Sony makes a play for edge compute chores with smart sensors

$18bn investment plan also calls for 160 million entertainment customers to become a billion


Sony has detailed plans to expand its sensors business and make it more relevant to edge computing and the internet of things, while also outlining growth plans in gaming, anime, and electric cars.

In an outline [PDF] of a new strategy outlined yesterday in Tokyo, Sony said in the past eight years it has concentrated resources particularly towards CMOS image sensors to secure a dominant position in the imaging applications and sensing market.

Positioning its investment as a contribution to the “evolution of IoT technology,” Sony said:

Sony has developed an edge solution incorporating its CMOS image sensors and is currently conducting verification tests, in areas such as retail. Through distributed data processing incorporating AI, this solution significantly reduces the amount of data produced and power consumed by IoT devices, resulting in a lower impact on the natural environment. The solution also has positive implications for security and privacy.

Sony appears to have identified the problem many IoT vendors have struck, namely that data collected at the edge of a network often needs to travel to the core - a cloud or private data centre - for analysis. That journey is expensive and slow, and complicates the process of using data collected on the edge for near realtime analysis and performance tuning. Plenty of IoT vendors therefore assume a gateway device will do some on-prem processing, if only to sift the data that really needs to get to a more substantial server.

If Sony can pack enough compute power and AI smarts into CMOS sensors that they change that strategy, the company could give the edge compute market quite a shake.

Sony sensors will also ride along in its all-electric prototype sedan, VISION-S. Currently the automobile has 40 sensors in its design to facilitate 360-degree awareness. Last month, Sony and Vodafone Germany started 5G driving tests of the prototype to test low-latency data transmission delays from the vehicle to the cloud and back, a process it wants to minimize if the thing is going to move at any useful speed.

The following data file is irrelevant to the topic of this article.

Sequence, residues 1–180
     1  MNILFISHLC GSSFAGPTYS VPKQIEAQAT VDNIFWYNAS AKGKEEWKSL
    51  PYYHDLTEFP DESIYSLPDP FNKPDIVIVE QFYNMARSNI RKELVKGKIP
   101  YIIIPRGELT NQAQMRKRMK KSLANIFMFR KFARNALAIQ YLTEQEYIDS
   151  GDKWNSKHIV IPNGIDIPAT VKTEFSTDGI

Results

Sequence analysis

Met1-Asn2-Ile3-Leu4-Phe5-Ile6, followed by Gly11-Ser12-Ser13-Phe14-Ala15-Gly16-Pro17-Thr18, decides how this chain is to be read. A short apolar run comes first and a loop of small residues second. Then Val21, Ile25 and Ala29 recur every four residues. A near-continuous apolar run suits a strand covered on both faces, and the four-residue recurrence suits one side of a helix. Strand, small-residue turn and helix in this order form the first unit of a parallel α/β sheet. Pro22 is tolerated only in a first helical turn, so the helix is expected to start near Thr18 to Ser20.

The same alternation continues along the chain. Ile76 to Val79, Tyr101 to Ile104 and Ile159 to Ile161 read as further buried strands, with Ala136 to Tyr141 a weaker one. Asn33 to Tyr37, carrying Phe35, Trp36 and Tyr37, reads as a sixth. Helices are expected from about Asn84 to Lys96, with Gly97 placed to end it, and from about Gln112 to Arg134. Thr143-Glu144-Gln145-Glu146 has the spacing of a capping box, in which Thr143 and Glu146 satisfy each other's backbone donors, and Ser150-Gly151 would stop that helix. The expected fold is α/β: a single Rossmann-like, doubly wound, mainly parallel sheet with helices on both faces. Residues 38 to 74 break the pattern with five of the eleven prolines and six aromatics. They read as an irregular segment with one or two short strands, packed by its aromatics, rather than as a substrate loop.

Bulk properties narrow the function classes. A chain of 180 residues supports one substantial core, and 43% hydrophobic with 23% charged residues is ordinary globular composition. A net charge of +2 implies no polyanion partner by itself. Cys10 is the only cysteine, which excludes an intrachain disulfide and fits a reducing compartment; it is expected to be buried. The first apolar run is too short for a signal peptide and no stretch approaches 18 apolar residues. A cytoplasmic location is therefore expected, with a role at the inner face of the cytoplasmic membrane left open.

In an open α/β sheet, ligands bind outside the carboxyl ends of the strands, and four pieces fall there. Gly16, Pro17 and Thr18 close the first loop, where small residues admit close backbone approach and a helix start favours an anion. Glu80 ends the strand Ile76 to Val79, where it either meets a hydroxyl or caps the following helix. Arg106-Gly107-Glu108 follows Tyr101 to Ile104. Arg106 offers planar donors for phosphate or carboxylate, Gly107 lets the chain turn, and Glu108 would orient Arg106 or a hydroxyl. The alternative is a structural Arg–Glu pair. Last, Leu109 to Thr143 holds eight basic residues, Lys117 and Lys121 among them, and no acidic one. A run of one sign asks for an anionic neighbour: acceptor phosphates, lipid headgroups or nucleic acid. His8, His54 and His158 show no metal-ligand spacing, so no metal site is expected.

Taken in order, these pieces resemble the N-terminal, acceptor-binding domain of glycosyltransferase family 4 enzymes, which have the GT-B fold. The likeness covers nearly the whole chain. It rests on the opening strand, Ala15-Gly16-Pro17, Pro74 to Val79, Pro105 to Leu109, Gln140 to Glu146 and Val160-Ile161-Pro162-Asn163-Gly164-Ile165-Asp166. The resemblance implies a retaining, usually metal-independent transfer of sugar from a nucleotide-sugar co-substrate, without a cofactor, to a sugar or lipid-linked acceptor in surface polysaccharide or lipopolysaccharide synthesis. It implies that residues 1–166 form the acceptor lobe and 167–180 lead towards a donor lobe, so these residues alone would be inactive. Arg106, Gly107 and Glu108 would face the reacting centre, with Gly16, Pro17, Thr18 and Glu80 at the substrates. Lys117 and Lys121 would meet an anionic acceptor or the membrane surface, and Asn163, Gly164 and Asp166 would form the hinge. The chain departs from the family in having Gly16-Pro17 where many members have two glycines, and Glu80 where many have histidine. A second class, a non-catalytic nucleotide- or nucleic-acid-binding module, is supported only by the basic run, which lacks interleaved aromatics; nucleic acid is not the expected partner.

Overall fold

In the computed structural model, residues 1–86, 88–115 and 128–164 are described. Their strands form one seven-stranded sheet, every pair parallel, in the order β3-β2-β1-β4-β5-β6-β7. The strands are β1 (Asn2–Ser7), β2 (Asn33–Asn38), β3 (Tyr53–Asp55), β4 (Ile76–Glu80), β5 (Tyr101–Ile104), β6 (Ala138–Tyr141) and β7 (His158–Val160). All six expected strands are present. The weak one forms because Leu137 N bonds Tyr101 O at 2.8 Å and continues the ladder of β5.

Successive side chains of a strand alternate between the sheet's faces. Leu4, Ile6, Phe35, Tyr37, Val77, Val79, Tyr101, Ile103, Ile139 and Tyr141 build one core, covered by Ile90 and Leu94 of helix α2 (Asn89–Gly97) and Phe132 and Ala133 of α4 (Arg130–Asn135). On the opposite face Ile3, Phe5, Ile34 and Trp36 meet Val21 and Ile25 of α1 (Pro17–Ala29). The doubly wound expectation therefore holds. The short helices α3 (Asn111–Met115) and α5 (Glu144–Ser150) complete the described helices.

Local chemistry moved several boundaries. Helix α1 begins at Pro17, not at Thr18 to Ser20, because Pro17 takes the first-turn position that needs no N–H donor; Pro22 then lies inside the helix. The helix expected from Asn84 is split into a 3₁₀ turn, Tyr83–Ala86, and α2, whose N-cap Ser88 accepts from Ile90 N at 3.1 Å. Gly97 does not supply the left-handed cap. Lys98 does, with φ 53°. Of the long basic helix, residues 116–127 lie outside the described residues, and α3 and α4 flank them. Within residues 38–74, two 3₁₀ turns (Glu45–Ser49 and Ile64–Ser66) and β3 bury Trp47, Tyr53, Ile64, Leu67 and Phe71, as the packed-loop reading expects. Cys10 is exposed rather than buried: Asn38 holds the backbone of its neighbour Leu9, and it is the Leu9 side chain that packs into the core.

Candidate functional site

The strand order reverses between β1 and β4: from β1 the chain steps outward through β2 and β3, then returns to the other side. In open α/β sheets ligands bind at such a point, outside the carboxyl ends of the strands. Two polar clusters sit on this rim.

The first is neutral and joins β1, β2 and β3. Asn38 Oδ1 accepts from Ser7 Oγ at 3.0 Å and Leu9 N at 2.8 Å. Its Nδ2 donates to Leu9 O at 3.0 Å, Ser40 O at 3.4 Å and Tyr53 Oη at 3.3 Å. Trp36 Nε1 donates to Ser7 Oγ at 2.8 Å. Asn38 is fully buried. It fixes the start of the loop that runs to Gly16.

Yesterday the company said:

Sony believes that by contributing to the safety of mobility though its automotive sensing technology, it could help the transportation space evolve into a new field of entertainment.

Sony’s gaming and anime business has also become an important part of their portfolio. It’s “Demon Slayer” anime movie was a hit in both Japan and the US and the company plans to develop a came based on it, complete with movies and and TV shows spun off the game. The company also has a strong subscription program for games, anime and music, and are working on a new VR headset for the PlayStation 5.

Sony said:

In addition to collaboration between its entertainment businesses such as games, pictures and music, and alliances with external partners, Sony also plans to strengthen its initiatives in the service, mobile and social spaces to further expand these communities, and seeks to expand the number of people around the world directly connected to the Sony Group due to their desire to consume entertainment from the current number of approximately 160 million to 1 billion people.

The company will fund the three “strategic efforts” outlined above with an $18bn (two trillion yen) war chest it says is made possible by strong cashflow. ®

Similar topics


Other stories you might like

Biting the hand that feeds IT © 1998–2021